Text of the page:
On the contrary

On Humiliation and Its Spectacle

Madhavankutty Pillai has no specialisations whatsoever. He is among the last of the generalists. And also Open chief of bureau, Mumbai  
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Good doesn’t necessarily follow from blackening someone’s face, even if it appears to be deserved
There is a secret pleasure in seeing wealthy, powerful men brought to their knees. And especially if such a man heads an organisation that has serious legal questions around it, any humiliation is an affirmation of all the middle-class values ingrained in us since childhood: be honest, do good, act fair, character matters more than ambition, principle always weighs more than gold—or there will be consequences. But usually there are no consequences; most lives end up unremarkable anyway, no matter how carefully people tread the line of goodness.

So consider the warm feeling many felt on seeing Sahara chairman Subrata Roy’s face blackened with ink outside Supreme Court. It is an image that will not be forgotten in a hurry and will be perceived as elementary justice. But it is not.

There is a difference between the humiliation the Supreme Court doled out to Roy by making him spend time in jail and the ink that came flying through the air carrying all the outrage of an angry slice of India. To gloss over this distinction is to equate due process with vandalism.

It is difficult to appreciate what an act of public humiliation entails unless the personality is removed from the analysis. To illustrate this, let’s take another case: that of former DGP SPS Rathore who molested a teenage girl, Ruchika Girhotra, two decades ago and then drove her to suicide by getting the police to file false cases against her brother.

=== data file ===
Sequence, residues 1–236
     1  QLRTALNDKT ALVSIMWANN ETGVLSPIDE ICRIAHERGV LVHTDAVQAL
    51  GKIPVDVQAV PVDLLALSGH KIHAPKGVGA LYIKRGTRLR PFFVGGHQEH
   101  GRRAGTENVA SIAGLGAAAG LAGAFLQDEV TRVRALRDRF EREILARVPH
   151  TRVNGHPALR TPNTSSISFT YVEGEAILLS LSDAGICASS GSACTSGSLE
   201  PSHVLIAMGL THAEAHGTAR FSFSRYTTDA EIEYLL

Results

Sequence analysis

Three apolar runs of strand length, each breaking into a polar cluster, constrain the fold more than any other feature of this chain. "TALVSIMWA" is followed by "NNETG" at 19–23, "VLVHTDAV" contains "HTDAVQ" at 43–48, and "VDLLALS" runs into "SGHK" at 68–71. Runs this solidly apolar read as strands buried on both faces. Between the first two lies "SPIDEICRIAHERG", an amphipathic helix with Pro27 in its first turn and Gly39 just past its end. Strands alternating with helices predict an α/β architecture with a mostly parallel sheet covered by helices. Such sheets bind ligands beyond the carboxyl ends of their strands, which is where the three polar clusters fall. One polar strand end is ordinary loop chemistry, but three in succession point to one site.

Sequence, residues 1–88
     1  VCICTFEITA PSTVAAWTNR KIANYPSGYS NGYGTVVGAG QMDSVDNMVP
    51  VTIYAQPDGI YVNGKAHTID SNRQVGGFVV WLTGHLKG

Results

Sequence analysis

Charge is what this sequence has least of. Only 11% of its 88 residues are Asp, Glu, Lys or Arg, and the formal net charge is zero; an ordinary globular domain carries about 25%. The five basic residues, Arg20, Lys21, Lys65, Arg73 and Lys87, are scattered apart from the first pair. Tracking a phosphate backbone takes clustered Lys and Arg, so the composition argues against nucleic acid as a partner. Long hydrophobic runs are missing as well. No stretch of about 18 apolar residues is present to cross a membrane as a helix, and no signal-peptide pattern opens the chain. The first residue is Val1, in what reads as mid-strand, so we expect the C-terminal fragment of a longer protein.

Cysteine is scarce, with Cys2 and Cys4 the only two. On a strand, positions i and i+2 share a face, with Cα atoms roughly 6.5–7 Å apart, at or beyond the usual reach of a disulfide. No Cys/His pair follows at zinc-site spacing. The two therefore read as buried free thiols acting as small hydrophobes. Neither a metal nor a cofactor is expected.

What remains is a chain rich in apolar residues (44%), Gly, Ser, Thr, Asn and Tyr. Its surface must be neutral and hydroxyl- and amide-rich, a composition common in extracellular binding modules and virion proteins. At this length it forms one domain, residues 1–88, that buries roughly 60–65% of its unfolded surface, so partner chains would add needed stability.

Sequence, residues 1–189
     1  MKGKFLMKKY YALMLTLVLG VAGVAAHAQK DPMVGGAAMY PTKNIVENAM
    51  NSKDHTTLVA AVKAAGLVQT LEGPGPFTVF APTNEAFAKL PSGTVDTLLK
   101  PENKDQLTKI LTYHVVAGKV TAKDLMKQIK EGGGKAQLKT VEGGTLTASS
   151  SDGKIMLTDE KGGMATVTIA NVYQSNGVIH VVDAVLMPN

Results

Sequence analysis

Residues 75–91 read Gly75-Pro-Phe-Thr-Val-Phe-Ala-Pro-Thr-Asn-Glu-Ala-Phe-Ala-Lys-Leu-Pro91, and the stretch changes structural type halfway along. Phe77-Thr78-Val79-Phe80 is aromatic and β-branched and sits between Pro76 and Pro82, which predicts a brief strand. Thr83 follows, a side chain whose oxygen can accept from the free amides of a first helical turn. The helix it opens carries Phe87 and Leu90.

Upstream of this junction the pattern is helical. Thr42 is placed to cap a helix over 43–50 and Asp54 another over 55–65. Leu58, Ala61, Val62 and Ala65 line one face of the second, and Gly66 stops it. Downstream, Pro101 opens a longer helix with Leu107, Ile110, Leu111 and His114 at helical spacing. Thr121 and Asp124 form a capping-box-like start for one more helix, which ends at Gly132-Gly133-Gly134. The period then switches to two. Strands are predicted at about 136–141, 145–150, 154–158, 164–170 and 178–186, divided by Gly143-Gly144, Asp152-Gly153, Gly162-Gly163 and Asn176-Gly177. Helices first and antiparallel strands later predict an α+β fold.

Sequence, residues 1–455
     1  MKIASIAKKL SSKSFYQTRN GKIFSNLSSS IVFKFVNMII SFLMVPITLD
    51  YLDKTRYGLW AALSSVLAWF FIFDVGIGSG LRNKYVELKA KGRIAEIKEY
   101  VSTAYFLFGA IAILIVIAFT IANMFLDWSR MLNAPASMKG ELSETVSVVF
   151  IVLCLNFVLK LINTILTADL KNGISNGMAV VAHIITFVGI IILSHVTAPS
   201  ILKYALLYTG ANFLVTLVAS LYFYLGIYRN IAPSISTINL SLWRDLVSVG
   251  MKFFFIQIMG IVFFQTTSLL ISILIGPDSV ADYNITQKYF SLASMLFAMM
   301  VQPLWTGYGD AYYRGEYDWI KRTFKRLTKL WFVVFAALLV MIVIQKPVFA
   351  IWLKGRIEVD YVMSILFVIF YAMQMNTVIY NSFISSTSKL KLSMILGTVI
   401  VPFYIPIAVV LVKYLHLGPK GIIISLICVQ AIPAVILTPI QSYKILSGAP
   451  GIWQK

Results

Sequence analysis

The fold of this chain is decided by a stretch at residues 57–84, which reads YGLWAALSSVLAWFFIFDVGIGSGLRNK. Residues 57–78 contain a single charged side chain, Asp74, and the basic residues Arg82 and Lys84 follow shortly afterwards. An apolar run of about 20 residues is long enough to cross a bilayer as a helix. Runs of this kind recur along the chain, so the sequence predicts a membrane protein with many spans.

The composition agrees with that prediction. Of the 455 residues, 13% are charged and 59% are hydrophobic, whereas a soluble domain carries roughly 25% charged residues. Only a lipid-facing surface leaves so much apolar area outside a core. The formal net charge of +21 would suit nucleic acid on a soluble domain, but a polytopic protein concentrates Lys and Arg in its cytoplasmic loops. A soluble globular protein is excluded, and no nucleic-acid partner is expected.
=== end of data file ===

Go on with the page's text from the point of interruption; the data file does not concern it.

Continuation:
Here was a man who reportedly threw a party to celebrate the day she killed herself. And so, when in February 2010 he was outside court and one Utsav Sharma suddenly stabbed him repeatedly in the face with a pocket knife, it should have been unequivocal just desserts.

But the next year, Sharma was waiting with a meat cleaver outside a court for Rajesh Talwar and this is where the lines get fuzzy, because half the country believes Talwar killed his daughter Aarushi, and the other half doesn’t. To the latter, the image of a bleeding Talwar is heart wrenching; the icing of suffering on a cake that contains every possible grief that a man can endure. It may have been good that Utsav Sharma gave a lesson in pain to Rathore, but it was an unforgivable act with Talwar for those who believed in his innocence.

Appearing on television some days after the incident, Talwar cried and said he had no faith left in humanity. It is interesting that he used that word. We could always argue whether such a thing as ‘humanity’ exists; whether it is all a veneer, some semblance of order under which there are no rules in operation and therefore all actions are legitimate—if Roy can make thousands of crores by allegedly abusing the trust of poor villagers, then it is proper that he is also wronged in some small measure.

But humanity is also something which comes into existence by its reaffirmation. It is not something that God couriered on the eighth day but accumulates by our belief in its necessity. When wanton acts are legitimised, they shave away a little bit of the civilisation that has so painstakingly evolved.

If we are human, then even evil must be dealt with according to good norms. If ink can be thrown at Subrata Roy’s face today, then it may be thrown at you tomorrow, and who is to stand by your side and say you did not deserve it?